Main Article Content
The lack of internal democracy in many political parties in Nigeria has created a general loss of confidence in voters toward the electoral process and democratic consolidation. This paper examines the extent to which political parties have adhered to or deviated from the relevant Constitutional and electoral law provisions in Nigeria toward achieving internal democracy and how this has affected voters’ attitudes and confidence in the electoral process and Nigerian democracy generally. To achieve this objective, the researchers utilize the doctrinal research method in examining the relevant provisions of the 1999 Constitution on internal party democracy, the relevant Electoral laws, and judicial decisions. During the work, it is observed that political party leadership in Nigeria rarely heed the relevant constitutional provisions and laws on internal party affairs. The paper finds that judicial decisions concerning this issue have not followed a similar pattern, which has greatly eroded voters’ confidence. It recommended a compelling need for the judiciary to follow legally valid precedents established in earlier judgments in deciding new cases arising from intra-party affairs, especially concerning the substitution of candidates.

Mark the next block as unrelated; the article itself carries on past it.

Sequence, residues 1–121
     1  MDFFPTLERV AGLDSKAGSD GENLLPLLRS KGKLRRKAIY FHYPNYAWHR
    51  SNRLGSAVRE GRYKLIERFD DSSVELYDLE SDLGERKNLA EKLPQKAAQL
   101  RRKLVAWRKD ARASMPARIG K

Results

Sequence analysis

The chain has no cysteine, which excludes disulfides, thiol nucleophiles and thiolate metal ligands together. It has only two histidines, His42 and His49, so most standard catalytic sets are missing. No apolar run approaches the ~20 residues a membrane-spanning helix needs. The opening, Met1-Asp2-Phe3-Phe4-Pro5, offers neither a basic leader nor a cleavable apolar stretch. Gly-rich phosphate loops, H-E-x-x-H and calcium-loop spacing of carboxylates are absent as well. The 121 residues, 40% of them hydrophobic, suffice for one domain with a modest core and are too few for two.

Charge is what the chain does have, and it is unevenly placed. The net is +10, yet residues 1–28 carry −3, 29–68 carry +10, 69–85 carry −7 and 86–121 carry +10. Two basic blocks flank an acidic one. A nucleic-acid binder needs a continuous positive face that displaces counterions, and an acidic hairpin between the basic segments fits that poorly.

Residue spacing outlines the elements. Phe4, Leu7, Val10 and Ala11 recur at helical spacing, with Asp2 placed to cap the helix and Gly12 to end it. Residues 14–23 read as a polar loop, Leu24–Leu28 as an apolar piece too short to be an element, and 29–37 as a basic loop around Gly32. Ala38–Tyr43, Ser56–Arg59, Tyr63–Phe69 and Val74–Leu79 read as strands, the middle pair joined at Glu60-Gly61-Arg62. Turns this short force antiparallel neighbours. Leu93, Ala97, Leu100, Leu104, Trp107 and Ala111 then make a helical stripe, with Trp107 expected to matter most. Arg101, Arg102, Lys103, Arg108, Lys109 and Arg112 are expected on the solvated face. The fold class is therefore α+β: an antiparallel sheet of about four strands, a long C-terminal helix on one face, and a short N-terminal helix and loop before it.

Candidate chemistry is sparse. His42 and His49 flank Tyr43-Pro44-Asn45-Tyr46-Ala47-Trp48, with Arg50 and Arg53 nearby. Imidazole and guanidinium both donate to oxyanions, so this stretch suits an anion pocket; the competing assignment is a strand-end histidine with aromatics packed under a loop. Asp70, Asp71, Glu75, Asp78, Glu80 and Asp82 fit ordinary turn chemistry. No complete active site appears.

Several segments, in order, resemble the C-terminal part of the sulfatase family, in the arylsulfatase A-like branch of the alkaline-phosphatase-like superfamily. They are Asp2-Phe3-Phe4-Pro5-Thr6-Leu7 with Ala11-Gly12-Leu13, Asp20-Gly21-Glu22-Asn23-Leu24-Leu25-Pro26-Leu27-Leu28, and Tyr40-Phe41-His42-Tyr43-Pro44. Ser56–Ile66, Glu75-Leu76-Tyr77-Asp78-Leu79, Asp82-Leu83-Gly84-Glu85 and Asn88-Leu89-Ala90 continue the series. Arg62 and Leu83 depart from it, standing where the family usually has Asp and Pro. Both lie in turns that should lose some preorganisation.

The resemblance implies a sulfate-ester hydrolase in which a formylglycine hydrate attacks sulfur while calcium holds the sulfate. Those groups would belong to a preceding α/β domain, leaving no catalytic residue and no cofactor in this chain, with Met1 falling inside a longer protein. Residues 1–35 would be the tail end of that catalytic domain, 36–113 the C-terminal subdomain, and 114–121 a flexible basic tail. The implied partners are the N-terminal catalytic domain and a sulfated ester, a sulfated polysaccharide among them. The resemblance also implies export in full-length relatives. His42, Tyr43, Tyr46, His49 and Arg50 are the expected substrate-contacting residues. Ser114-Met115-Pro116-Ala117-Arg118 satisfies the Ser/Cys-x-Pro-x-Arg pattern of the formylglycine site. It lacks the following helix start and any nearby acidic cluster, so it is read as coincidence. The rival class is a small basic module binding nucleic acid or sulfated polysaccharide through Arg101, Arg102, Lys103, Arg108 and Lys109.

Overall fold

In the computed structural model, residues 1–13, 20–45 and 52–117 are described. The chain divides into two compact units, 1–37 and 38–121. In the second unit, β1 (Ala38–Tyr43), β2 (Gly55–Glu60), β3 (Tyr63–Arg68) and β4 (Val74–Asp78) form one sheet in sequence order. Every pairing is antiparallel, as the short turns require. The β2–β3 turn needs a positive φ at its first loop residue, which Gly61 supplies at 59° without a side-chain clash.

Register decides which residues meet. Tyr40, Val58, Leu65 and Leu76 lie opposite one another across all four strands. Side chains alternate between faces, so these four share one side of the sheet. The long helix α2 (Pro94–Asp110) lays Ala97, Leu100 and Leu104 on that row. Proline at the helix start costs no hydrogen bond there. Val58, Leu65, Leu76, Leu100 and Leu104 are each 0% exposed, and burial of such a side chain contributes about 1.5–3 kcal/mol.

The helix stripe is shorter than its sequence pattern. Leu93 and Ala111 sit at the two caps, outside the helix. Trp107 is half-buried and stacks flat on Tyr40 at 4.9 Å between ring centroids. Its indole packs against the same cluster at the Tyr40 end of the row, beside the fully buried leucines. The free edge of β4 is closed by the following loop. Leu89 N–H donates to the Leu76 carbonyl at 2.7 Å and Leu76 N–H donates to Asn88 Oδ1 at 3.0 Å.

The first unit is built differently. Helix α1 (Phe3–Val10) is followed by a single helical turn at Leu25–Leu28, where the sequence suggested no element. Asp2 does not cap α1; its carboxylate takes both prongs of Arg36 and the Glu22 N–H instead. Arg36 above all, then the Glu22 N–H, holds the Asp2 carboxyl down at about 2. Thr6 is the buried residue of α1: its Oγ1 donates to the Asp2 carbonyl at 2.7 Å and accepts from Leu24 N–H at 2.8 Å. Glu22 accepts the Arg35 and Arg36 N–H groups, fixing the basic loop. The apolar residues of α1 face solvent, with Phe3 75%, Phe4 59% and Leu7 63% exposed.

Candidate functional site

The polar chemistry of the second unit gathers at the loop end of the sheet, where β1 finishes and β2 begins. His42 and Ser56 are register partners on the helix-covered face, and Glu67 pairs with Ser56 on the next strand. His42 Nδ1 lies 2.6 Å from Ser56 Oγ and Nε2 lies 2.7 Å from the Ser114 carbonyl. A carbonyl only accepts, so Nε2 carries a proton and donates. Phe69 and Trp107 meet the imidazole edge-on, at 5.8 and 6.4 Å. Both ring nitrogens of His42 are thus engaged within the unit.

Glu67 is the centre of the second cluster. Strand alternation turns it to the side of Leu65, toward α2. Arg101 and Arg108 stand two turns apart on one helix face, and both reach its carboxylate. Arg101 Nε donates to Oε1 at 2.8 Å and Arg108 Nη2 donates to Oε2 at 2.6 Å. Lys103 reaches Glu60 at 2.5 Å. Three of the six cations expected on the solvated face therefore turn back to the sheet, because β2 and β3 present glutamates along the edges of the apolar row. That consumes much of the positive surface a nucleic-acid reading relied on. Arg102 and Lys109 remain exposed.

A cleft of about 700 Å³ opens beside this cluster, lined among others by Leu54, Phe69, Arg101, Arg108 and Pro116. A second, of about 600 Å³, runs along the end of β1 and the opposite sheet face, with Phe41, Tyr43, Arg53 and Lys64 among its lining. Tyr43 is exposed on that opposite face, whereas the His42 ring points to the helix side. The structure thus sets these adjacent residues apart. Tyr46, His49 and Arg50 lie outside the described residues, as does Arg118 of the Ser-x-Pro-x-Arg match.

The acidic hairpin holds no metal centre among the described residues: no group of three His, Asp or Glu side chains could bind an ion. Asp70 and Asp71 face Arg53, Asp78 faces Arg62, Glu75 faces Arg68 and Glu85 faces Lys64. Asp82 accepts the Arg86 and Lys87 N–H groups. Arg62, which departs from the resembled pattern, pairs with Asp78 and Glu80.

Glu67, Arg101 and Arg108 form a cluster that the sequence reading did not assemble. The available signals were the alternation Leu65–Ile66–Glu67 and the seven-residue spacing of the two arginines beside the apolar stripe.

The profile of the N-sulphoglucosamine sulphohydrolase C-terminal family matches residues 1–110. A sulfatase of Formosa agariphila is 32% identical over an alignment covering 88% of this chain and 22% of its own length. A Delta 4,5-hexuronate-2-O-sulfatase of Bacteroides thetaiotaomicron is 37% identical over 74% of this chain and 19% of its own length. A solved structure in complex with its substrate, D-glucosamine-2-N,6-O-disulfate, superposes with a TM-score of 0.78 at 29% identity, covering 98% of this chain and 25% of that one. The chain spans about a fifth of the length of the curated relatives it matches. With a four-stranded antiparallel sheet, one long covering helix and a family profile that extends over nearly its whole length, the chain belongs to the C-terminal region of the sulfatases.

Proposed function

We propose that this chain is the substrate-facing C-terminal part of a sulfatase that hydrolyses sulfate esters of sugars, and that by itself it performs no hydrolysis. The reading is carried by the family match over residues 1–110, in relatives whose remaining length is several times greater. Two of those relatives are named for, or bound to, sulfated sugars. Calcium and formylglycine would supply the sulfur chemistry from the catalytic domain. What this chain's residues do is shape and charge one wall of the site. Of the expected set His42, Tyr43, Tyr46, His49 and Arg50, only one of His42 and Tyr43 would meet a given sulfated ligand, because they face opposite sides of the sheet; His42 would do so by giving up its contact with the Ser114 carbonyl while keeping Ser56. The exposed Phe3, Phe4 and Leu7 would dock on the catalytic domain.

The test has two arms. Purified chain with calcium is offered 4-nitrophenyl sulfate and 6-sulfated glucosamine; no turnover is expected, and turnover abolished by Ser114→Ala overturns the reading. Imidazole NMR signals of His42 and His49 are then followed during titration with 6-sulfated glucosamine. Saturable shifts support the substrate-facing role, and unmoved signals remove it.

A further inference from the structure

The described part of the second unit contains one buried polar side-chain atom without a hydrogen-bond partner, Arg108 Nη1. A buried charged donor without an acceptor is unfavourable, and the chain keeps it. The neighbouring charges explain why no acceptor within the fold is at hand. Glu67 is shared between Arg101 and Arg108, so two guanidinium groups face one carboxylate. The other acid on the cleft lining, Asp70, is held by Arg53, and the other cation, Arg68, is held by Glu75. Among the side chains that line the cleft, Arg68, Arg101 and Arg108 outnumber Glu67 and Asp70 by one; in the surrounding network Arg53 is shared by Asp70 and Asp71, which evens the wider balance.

This work is licensed under a Creative Commons Attribution 4.0 International License.